Recipe: Enabling Windows Authentication within an Intranet ASP.NET Web application

Problem:

You are building an Intranet web application for your organization, and you want to authenticate the users visiting your site.  Specifically, you want to ensure that they are logged in using a valid Windows account on the network, and you want to be able to retrieve each incoming user's Windows account name and Windows group membership within your application code on the server.

Discussion:

Authentication is the process of identifying and validating the identity of a client accessing an application.  Put more simply -- it is the process of identifying “who” the end-user is when they visit a website. 

Authentication is typically used in combination with Authorization -- which is the process of figuring out whether the authenticated user has permissions to access a particular page/resource or to perform some action.  For example, when an end-user in a browser tries to access a page, ASP.NET might authenticate the user as “Scott”, and would then run through the configured authorization rules for the requested page to figure out whether “Scott” has permission to access it.

ASP.NET supports multiple ways to authenticate browser users visiting a web application, and implements a flexible set of ways to authorize which permissions they have within the application.

For Internet web applications, the most common authentication scenario to use it called Forms Authentication.  Forms Authentication enables a developer to provide a standard HTML login form within their application, and then validate the username/password an end-user submits against a database or other credential store.  Assuming the username/password combination is correct, the developer can then ask ASP.NET to issue an encrypted HTTP cookie to identify and track the user.

For Intranet web applications, the most common authentication scenario to use is called Windows Authentication.  Windows Authentication avoids the need to create a login form within an application, and does not require end-users to manually enter their username/password credentials to login to the application.  Instead, ASP.NET and IIS can automatically retrieve and validate the Windows username of the end-user visiting the site in a secure way.  The benefit of this approach is that it improves the end-user customer experience since users don’t have to re-type their passwords, and/or maintain separate accounts.  It also allows companies to re-use a common security identity system across their entire corporate networks (Windows clients, servers, file-shares, printers, and web apps).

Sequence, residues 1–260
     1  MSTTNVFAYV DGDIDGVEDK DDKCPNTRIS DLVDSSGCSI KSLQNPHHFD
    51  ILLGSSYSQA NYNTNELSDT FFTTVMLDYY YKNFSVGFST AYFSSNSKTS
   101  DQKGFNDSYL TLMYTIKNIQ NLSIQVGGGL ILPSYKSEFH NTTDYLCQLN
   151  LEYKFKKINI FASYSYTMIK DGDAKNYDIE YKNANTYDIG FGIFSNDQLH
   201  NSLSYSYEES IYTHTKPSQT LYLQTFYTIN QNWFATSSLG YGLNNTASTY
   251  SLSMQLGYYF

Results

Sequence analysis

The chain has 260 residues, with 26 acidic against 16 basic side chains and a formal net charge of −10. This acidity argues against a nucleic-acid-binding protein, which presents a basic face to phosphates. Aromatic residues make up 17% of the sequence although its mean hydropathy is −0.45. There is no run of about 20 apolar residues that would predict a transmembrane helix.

Solution:

To enable Windows Authentication within an ASP.NET Application, you should make sure that you have “Integrated Windows Authentication” (formerly called NTLM authentication) enabled within IIS for the application you are building. 
 
You should then add a web.config file to the root directory of your ASP.NET application that contains an <authentication> section which sets the mode to “Windows”. 

You should also then add an <authorization> section to the same web.config file that denies access to “anonymous” users visiting the site.  This will force ASP.NET to always authenticate the incoming browser user using Windows Authentication – and ensure that from within code on the server you can always access the username and Windows group membership of the incoming user.

The below web.config file demonstrates how to configure both steps described above:

 <configuration>

    <system.web>

        <authentication mode="Windows" />

         <authorization>
             <deny users="?"/>
          </authorization>
     
    </system.web>
 
</configuration>

Note that the <deny users=”?”/> directive within the <authorization> section above is what tells ASP.NET to deny access to the application to all “anonymous” users to the site (the “?” character means anonymous user).  This forces Windows to authenticate the user, and ensures that the username is always available from code on the server.

Obtaining the Logged-in Username via Code

Once you follow the above configuration steps, you can easily access the logged-in username and role/group mappings for the authenticated user within ASP.NET.  For example, you could use the code-snippet below within an ASP.NET page to easily obtain the username of the visiting user:

Dim username As String
username = User.Identity.Name 

The code-snippet above works because there is a “User” property built-in to all ASP.NET pages and user-controls.  If you want to gain access to this user data from within a regular class or business object (which doesn’t have this property provided), you can write code like below to achieve the same result:

Dim User As System.Security.Principal.IPrincipal
User = System.Web.HttpContext.Current.User

Dim username As String
username = User.Identity.Name

The code above obtains the User IPrincipal object for the current request by accessing it via the static HttpContext.Current property that ASP.NET provides (this in turn uses call-context to retrieve it from the active ASP.NET worker thread).  This avoids you having to pass this User object into your business classes directly, and instead allows you to access the User object from anywhere in the application.
 
Outputting the Logged-in Username on a Page

You can use the username string we retrieved above to programmatically output the username to a page however you want.  For example, you could easily add an <asp:label> control to the page and write code like so to set it:

Label1.Text = "Welcome " & User.Identity.Name

ASP.NET 2.0 also ships with a built-in <asp:LoginName> control that you can use to declaratively output the user-name to the page: